First, we compute the primitive variables defined as . Note that several variables are redundant for various reasons (i.e., efficiency and safety), which will be explained later.
Second, we reconstruct parabolic profiles of the primitive variables within each cell. The total pressure, , rather than the gas pressure, , is used in computing a flattening coefficient (Miller & Colella, 2002).
In the third step, we perform characteristic extrapolations of the primitive variables and obtain the edge values of at using the eigenvectors of the system (Eq. 29 & 30) and the parabolic profiles of the primitive variables. Flattening is applied in this procedure.
Finally, the fluxes are computed for the edge values obtained in the last step using an approximate Riemann solver, which is based on the Riemann solver of Bell et al. (1989) and Colella et al. (1997). The computational procedure is essentially the same as that in Paper I except that the gas internal energy density, , and gas pressure, are now replaced by the total internal energy density, , and total pressure, . The Riemann solver computes the Godunov state at the interface, which is then used to compute the fluxes, . Recall that there are redundant variables in the primitive variables, , for efficiency and safety. With the total internal energy density, , a call to the equation of state can be avoided. Negative radiation energy density and gas pressure can also be avoided in the Godunov state. The term, , in Eqs. 21 & 22 is computed as follows,
where the variables with half-integer index are the Godunov states. The term, , in Eq. 20 is computed in a similar way.
Depending upon a switch set by the user, the Lorentz transformation term, , may be included in the explicit update.
3.2. Implicit Solver for Radiation Diffusion and Source-Sink Terms
The implicit solver evolves the radiation and gas according to Eqs. 33 & 35. The algorithm uses a first-order backward Euler discretization. We note that the Lorentz term, , may or may not be included in the implicit solver. The advantage of including this term here is that it effectively balances emission against absorption in the comoving frame as the material becomes optically-thick and this coupling becomes stiff. Implicit treatment also helps avoid a time step restriction when is significantly greater than 1. The disadvantage is that it makes the resulting linear systems nonsymmetric, but this not a major concern in practice.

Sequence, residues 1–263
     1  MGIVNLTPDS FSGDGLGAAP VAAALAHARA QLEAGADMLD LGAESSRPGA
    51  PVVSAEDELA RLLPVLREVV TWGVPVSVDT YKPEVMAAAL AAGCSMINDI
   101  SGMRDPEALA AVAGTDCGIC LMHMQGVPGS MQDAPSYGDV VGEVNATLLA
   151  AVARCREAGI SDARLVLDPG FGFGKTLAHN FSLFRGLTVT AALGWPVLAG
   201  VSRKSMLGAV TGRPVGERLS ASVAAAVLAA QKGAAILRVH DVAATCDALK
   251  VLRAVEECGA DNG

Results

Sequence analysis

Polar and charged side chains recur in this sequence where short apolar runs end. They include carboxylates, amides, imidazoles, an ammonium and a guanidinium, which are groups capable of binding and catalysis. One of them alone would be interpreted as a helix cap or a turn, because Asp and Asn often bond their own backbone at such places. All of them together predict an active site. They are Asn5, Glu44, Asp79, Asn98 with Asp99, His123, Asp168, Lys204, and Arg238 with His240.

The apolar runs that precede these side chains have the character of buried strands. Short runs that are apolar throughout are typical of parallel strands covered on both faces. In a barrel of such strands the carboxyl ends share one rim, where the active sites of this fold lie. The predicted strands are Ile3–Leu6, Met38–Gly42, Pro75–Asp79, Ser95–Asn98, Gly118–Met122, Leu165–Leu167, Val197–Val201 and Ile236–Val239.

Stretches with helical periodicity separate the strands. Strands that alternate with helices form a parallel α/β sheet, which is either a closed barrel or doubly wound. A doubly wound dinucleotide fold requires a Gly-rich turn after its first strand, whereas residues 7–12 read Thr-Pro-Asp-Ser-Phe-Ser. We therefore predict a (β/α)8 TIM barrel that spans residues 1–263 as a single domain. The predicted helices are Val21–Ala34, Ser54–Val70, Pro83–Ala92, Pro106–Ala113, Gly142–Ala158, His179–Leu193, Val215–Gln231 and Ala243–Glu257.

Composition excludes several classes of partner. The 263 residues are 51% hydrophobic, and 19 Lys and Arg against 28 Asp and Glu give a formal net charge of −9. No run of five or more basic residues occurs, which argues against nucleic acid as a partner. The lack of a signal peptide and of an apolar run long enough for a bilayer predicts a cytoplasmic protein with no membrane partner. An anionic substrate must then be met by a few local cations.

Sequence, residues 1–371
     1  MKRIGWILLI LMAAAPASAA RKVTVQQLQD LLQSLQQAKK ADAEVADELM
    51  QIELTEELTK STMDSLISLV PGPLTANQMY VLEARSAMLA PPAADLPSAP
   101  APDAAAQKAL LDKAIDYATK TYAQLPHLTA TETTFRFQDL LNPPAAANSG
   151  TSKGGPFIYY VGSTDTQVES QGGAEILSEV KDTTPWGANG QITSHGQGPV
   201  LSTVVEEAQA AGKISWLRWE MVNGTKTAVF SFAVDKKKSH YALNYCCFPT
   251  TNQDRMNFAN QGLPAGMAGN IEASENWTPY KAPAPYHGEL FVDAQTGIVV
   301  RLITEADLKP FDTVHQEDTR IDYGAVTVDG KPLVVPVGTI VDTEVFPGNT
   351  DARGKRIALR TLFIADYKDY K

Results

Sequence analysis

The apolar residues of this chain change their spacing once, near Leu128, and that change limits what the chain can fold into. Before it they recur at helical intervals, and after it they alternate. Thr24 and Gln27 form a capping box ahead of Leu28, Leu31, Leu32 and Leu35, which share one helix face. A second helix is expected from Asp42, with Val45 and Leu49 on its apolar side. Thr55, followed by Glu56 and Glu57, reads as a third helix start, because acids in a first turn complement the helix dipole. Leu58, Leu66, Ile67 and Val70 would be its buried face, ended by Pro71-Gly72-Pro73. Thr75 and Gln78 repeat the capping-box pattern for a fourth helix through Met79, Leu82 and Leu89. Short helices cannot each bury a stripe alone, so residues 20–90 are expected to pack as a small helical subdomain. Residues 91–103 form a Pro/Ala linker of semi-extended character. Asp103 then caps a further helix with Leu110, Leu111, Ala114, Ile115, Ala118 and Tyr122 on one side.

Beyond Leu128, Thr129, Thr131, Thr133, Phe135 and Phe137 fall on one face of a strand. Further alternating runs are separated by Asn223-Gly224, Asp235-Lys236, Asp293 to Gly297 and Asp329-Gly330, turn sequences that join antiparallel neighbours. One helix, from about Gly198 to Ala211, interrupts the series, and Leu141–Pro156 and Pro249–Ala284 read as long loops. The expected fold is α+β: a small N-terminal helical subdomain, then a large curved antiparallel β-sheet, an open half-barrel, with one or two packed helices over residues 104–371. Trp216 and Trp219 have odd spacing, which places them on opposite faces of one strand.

where and . Here, we use the superscript to denote the state following the explicit update, and the superscript for the state at . Since the velocity does not change in the implicit radiation update, we have dropped the superscript for . We solve Eqs. 38 & 39 iteratively via Newton’s method. We define
Here, we have dropped the superscript for because the implicit update does not change the mass density. The desired solution is for and to both be zero, and the Newton update to approach this state is the solution to the linear system
Here and , where the superscript denotes the stage of the Newton iteration. To reduce clutter we drop the superscript without loss of clarity, so .
To solve this system we eliminate the dependency on by forming the Schur complement, leaving a modified diffusion equation for the radiation update . For simplicity we drop the temperature derivatives of and , keeping only the temperature dependence of the emission and absorption terms. This does not affect the converged solution and in practice does not appear to significantly degrade the convergence rate.
After some mathematical manipulation we obtain the following diffusion equation, which must be solved for each Newton iteration:
and is the specific heat capacity of the matter.